Everything seems to have gone dry for me. It's like the drought that plagued the county all summer sucked my creativity dry, too.
What finally snapped my month-long wordless spell was a trip to Hocking County to visit my mother-in-law. At her gentle insistence, I sat down to paint with her. It was good to dabble with watercolors again. I've been wanting to do so for a while, but I seem to procrastinate even doing the fun things these days. The little painting above, which I hastily and poorly photographed just so I could get something, anything posted tonight, was the result of an hour or so of putting brush to paper. Although it isn't a masterpiece, it accomplished something within me: a break in the dry spell, a creative renewal. Viewed from that perspective, I think it's beautiful.

Saturday, September 12, 2009

Sweet Autumn Clematis

Sweet autumn clematis (Clematis terniflora) is the star of my September garden. I planted it on the east side of the pergola that covers our brick patio, and it's taken a couple of years to attain enough height to provide shade. By next year I expect it will reach the pergola top. When the vine explodes into bloom in late summer and early autumn, it is entirely covered in small, fragrant stars. Heavenly.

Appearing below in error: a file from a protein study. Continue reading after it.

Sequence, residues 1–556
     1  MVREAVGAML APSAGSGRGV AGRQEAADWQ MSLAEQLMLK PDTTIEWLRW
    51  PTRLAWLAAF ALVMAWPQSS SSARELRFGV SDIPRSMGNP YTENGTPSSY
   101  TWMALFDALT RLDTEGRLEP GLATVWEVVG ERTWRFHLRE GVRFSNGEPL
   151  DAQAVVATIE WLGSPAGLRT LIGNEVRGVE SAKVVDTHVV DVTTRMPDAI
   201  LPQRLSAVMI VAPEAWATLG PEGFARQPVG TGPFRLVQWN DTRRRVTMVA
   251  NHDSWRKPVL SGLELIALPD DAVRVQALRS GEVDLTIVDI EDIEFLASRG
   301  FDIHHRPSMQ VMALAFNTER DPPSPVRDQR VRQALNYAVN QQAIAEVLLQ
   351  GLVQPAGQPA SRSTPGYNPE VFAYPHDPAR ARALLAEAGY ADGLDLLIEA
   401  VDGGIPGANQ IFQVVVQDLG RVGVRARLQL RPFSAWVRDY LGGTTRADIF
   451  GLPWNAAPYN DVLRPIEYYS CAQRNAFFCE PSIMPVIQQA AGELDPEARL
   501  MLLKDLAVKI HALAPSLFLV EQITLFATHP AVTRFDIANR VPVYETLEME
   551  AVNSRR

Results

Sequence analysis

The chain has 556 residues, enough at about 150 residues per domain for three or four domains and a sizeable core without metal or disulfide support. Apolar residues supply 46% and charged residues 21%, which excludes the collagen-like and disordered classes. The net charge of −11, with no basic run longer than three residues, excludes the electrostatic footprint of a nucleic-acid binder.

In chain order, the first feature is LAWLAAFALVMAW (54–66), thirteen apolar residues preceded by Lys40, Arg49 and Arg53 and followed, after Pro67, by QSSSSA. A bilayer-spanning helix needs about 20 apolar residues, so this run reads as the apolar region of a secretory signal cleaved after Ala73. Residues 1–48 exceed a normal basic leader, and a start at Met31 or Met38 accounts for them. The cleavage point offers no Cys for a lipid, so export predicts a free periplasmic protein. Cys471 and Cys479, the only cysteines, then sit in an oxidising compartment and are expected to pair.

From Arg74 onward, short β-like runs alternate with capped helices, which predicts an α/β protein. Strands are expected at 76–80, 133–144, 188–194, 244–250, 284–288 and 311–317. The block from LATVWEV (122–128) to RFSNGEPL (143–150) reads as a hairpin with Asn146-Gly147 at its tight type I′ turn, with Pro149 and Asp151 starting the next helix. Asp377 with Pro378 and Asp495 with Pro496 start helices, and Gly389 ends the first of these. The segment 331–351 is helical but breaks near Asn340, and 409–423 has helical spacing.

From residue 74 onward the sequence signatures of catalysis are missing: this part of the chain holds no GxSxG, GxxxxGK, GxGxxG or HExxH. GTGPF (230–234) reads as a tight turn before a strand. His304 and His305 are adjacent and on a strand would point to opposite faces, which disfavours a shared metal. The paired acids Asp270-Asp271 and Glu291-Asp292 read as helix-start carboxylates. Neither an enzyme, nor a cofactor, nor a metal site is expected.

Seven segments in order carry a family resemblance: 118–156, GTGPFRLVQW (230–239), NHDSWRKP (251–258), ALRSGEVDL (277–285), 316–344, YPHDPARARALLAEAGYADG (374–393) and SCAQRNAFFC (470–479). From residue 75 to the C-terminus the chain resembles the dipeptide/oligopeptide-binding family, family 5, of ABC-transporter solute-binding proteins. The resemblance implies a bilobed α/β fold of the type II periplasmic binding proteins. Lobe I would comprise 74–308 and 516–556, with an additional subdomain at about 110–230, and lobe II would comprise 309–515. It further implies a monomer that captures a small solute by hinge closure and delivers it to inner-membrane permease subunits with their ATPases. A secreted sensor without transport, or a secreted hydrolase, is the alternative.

A perusal of literature about sweet autumn clematis reveals mostly accolades about this extremely hardy, healthy vine. That being said, there are some negative reports. According to my favorite online source for plant info,, all parts of sweet autumn clematis are poisonous if ingested, and some people experience allergic skin reactions to it. Others experience hay fever from its pollen. I've not had any trouble with it, and I tie wayward vines to the trellis without gloves. No sneezing either.

Apparently, the vine is considered a non-native invasive, as well. I might not have planted it had I known that fact. However, I have never seen seedlings in my yard, garden or flower beds. And while I am sure it would be happy to ramble over a nearby redbud tree, I simply train those tendrils to their arbor.